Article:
Istanbul, Guide To The Door Of The East



Istanbul (formerly known as Constantinople, 330-395 AD, then as Byzantium AD 395-1453) is the largest Turkish city, reminiscent of the exotic East and the Western taste. It stands on the Bosphorus Strait, between the Black Sea and the Sea of Marmara, which separates Europe from Asia. On the western shore, then, the European side of Istanbul is further divided in two by the Golden Horn (Haliç), which forms an inlet port natural.

The best way to explore the city is turn it on foot every street will show you the various historical periods that have occurred and the best examples of Byzantine art and architecture. Admire Byzantine cisterns and churches, mosques and Ottoman hammams, you can soak in the atmosphere of ‘menageries’ wandering imperial palaces and pavilions, or browse the labyrinthine Grand Bazaar, the original commercial heart of the city. Very popular are the motives of decorative art of the nineteenth century. Walk around the city it still requires a physical effort dicreto: Istanbul is situated on the hills, and its center has at times challenging climbs and descents. Furthermore, the extension of the city is remarkable, and if you want to focus to the area around the Golden Horn, but visiting other districts will need to become familiar with public transportation.

To move within the city can use public transportation, well-organized and fairly inexpensive. To avoid every time you buy a ticket (on the bus can still be done on board) is to be recommended Akbil, a rechargeable electronic key, which is inserted into the circular space before boarding the bus, or to overcome entry barrier stops the tram, metro or ferry stations. The Akbil has a cost of security which will be returned at the end of the stay, when you return the key. One important note: to Istanbul will comply with the code, so it is a good idea when to expect the autubus wait in line.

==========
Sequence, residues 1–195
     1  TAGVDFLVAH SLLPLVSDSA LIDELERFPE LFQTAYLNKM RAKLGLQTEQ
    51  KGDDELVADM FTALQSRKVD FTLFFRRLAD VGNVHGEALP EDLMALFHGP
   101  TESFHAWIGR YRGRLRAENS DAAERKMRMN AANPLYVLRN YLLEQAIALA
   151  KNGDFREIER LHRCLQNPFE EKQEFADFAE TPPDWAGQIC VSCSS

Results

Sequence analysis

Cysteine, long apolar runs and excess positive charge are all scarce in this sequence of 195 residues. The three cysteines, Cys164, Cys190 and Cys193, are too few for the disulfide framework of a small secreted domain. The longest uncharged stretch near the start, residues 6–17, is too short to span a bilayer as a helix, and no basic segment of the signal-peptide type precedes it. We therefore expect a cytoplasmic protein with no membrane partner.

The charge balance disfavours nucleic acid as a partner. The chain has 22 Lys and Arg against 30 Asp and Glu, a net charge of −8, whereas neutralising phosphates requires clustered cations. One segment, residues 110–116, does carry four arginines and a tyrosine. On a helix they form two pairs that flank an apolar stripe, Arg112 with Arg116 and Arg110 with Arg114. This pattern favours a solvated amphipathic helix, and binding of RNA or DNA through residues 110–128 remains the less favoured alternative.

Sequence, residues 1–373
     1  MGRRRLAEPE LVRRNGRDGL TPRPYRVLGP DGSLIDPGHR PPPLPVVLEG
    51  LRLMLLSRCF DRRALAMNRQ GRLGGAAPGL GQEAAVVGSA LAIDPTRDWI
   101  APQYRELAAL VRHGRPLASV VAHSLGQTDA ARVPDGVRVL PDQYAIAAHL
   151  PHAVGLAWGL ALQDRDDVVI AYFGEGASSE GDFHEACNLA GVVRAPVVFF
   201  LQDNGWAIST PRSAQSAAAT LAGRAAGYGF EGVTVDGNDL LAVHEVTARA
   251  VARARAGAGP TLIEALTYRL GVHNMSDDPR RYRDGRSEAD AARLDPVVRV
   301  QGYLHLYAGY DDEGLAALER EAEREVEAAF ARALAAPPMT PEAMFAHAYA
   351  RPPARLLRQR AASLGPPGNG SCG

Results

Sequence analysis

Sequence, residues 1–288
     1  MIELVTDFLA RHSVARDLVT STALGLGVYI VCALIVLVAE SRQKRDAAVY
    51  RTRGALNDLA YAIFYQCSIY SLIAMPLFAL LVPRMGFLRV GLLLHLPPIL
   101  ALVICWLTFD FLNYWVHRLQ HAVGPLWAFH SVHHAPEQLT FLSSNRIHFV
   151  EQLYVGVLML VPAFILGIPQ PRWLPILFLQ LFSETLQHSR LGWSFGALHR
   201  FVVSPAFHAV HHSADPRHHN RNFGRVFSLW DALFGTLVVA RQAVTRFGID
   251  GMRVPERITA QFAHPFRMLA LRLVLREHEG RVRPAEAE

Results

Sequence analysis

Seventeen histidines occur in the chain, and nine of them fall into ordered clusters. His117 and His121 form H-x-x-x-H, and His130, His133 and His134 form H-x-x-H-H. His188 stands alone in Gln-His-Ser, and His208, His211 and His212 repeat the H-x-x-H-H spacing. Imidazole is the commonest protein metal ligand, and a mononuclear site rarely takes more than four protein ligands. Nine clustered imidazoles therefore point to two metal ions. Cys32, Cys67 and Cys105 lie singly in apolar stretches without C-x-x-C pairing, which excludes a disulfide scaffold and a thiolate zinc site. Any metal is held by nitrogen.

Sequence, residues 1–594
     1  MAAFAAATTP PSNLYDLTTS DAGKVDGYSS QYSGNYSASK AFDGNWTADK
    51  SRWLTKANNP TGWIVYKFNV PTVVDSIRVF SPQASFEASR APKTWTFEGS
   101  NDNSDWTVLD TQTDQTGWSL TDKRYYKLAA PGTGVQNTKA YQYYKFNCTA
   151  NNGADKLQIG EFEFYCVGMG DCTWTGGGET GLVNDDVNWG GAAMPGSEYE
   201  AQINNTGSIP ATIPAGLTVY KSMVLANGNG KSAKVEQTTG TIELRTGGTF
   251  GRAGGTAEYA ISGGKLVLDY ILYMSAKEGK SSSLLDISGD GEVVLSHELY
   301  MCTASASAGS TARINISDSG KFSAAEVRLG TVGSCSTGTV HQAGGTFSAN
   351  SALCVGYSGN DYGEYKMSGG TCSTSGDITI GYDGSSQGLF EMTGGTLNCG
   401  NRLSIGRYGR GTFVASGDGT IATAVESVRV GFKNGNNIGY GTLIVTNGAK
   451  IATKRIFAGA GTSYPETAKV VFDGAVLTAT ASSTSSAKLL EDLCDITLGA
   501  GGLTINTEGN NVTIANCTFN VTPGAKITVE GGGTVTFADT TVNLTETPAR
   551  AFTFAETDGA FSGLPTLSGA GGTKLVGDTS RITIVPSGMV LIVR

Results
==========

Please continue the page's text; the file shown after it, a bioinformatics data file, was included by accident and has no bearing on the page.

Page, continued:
At different historical and architectural components correspond to the different cultural influences in this country and in this city: in fact you can run into the same area meyhane (pubs) Turkish traditional, modern premises of gender and Western clientele, çai bahçesi (tea garden) with customers Anatolian origins, intentions to smoke shisha (traditional water pipe), or bar patrons with Muslims.

A full day will require visits to the Topkapi Palace and the Archaeological Museums of Istanbul , a huge collection of classical antiquities, the oldest in the world, covering 5000 years of history. They are found in the so-called “Menagerie”, the promontory where they meet the Sea of Marmara and the Bosphorus. The magnificent Topkapi Palace, built between 1,459 and 1,465, was for 400 years the residence of the sultans and harem of women: is open to the public as a museum, with apartments, collections of treasures and jewels, its courtyards, the ‘harem … It was conceived as a series of pavilions located in four large courtyards, stone version of the encampments of tents typical of nomadic Turks. The Harem visit requires an additional ticket, but the rich interiors of the rooms are worth the extra cost to be paid. If you visit the Topkapi must put in the account to spend some time in a row, so try to be early risers, and introduce you to the ticket before the arrival of groups of Tour Operators. Very beautiful exhibitions of jewelry with the famous dagger Topkapai and diamond Kaşıkçı Elması, or the manufacturer of spoons. The treasure also includes many of the Sultans of crazy religious importance, as some relics of Mohammed and his wife Fatima, the rod of Moses and some relics of St. John the Baptist, presented here as belonging to the prophet John.

A must see is the area surrounded by gardens known as the Sultanahmet district of old Istanbul Byzantine Unesco World Heritage Site. Here, in the Byzantine era, there was the Grand Palace, a complex of buildings including the royal apartments, halls, churches, gardens. Here are two of the most magnificent monuments of Istanbul : the Blue Mosque and Aya Sofya (Haghia Sophia or Sancta Sophia), a majestic church of nearly 1,500 years.

You can not leave from Istanbul without provarto kebab (one of the best specialist in town is the local Develi) and hammams or Turkish baths. For Istanbul are distinguished above all the Çemberlitaş Hamam, the Cağoğlu Hamami and Gedikpasa Hamami, the Cukurcuma Hamami is the city’s most famous guy hammam. A final curiosity: among the many celebrities who lived in Istanbul, remember Lord Byron (1810-11), the architect Le Corbusier (1911), Ernest Hemingway (1922), who stayed at the Hotel de Londres and Agatha Christie, who stopped at the Hotel Pera Palas, room 41.

Originally posted 2012-07-26 16:24:58.

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